JACKSON, Miss. (WLOX) - Gov. Tate Reeves is calling for schools in Mississippi to keep their doors closed through April 17.
The announcement came during a press conference Reeves held via Facebook Live Thursday morning.
“Now is a time to understand the seriousness of COVID,” Reeves said. “I will be signing an executive order in just a few minutes which closes all public schools until April 17. That will give us a four-week period to evaluate further effects of this particular virus.”
“I will tell you, this is not a decision I take lightly. In fact, in my nearly 17 years of serving the public, this is perhaps the hardest decision I’ve ever had to make. The reason it’s such a hard decision is because I know it’s difficult for Mississippi families when schools are shut down. And I also know that honestly, if we have our kids in classrooms, we’re more likely to get more learning accomplished.
As cases of coronavirus continue to grow, thousands of students are at home across the state. More closures were announced Wednesday and some colleges have already made plans to cancel graduation commencement ceremonies.
For administrators and parents, this means more of the new way of education, but some critical questions still have not been answered.
Lashunda Burnett is buying into this new system big time, and she’s ready for the challenge, no matter how long it may be.
“Once we saw that schools were closing nationwide, I kicked into mommy gear and just said, ‘You know what, we’re just going to have to do this,’ “ she said.
Five of her seven children are in school - first, fourth, ninth and tenth grades. Their new classroom, complete with materials from the Gulfport School District, is in their RV.
“We decided to set the RV up as a learning classroom for the children to come out of the house to still feel like they can go somewhere instead of just being inside the house and lounging,” Burnett said. “And this kind of gets them up and ready to learn.”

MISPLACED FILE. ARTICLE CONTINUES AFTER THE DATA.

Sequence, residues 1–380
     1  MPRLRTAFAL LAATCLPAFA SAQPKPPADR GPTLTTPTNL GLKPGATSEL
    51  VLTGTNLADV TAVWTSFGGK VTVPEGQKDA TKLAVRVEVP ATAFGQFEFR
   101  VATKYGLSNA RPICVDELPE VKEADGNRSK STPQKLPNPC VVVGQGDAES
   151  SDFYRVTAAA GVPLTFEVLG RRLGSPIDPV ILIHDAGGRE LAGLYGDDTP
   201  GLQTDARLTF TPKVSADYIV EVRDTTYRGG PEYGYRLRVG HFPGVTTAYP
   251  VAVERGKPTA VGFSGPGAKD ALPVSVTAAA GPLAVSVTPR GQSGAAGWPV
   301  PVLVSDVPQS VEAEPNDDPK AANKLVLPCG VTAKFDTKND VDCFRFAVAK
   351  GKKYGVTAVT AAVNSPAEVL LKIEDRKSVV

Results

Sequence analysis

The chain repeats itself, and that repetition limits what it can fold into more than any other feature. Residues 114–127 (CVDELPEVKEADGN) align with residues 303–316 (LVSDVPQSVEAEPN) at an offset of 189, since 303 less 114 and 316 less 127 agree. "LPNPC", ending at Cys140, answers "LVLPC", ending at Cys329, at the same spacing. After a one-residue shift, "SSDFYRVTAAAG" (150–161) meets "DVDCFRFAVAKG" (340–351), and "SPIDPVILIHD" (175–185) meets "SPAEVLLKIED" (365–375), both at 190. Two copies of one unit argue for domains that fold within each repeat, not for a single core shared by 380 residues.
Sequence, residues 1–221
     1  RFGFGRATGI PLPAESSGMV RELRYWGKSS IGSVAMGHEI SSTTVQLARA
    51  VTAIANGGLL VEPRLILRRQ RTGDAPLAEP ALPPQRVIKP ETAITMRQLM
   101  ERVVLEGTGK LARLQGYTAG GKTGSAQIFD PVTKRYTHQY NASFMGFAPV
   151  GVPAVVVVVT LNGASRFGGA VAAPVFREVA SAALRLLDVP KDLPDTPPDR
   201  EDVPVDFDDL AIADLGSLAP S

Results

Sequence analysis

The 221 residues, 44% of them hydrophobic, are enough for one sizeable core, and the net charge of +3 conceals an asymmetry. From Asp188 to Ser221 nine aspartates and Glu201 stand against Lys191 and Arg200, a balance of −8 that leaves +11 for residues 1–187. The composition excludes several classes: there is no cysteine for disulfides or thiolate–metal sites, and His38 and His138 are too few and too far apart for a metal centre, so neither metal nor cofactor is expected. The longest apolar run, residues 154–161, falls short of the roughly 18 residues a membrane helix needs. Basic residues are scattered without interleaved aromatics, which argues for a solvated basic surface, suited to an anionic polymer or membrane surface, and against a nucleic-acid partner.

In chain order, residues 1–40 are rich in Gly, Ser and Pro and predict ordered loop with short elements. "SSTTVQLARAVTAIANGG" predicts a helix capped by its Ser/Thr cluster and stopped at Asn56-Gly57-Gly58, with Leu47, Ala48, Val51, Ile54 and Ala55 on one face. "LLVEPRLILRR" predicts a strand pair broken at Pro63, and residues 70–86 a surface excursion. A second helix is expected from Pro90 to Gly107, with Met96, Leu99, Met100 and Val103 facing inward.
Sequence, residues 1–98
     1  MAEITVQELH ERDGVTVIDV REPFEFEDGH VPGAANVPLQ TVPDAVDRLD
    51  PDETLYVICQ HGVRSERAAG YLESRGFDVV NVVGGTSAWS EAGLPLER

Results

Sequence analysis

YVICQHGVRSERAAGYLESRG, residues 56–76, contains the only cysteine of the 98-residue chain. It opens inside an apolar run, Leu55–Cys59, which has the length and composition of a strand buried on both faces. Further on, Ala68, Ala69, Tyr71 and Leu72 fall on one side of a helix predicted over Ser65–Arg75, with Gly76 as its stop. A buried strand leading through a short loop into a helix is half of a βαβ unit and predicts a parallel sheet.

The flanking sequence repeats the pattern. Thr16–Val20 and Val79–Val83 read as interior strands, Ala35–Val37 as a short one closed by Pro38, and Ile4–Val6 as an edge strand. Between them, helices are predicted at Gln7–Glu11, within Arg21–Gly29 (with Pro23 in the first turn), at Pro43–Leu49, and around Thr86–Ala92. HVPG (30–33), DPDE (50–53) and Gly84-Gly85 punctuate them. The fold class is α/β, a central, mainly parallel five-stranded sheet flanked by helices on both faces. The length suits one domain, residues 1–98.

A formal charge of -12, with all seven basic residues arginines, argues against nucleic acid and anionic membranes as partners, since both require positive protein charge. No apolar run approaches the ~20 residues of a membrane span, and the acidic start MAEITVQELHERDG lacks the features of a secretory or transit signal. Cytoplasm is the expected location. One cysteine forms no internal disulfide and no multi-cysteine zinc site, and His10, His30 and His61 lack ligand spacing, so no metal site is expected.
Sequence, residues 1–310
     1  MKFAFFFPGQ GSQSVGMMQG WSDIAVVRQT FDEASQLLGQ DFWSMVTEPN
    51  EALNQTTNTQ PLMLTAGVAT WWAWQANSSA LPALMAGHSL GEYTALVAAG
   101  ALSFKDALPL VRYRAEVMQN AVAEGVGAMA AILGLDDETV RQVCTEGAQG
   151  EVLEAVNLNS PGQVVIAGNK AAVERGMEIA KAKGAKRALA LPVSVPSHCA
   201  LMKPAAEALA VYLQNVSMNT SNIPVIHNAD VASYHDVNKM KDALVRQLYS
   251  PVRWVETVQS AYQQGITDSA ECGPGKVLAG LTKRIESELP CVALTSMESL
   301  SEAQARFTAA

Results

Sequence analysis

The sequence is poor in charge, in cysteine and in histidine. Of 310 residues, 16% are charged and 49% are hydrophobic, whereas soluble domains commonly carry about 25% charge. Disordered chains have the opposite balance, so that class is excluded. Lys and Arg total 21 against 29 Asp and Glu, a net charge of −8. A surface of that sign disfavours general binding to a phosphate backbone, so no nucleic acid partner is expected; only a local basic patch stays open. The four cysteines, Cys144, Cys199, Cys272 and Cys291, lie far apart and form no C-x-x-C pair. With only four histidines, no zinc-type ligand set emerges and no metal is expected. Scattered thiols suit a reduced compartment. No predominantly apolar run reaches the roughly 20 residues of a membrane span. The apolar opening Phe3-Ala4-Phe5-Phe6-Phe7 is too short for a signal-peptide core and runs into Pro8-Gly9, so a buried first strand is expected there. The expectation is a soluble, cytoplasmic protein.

The school even has a name, which follows strict guidelines and set schedules.
“My children are getting to bond with me,” she said. “I’m getting to see what they do actually in the classroom, and I appreciate what the teachers in the classroom do. So, I’m kind of liking this to see hands-on what is going on.”
Not only are parents getting teaching materials, but they are also getting breakfast and lunch, courtesy of the Gulfport School District.
Drivers with First Student make the deliveries.
“I have to be positive about this whole thing,” said driver Ken Gosnell. “God’s got control of this, my belief anyway. I will not falter with that.”
Gulfport students were given materials and lessons for two weeks. After the planned spring break, they will be given two more weeks of directions while officials evaluate the situation.
“Really and truly, school is not closed,” said Gulfport School Superintendent Glen East. “We’re just delivering school differently today than we were four weeks ago when everybody was in the building. Whatever happens in the future, happens, but we just want to make sure that we continue to say how important that learning is in today’s world as we produce productive members of society.”
East added that all educators are waiting on directives from state and federal officials regarding end-of-year testing as well as graduation credits, and Gov. Reeves assured that teachers would get paid their annual salary on time.
For more information on the specific resources your child’s school is offering, make sure to keep an eye on the schools and/or district’s social media pages and websites.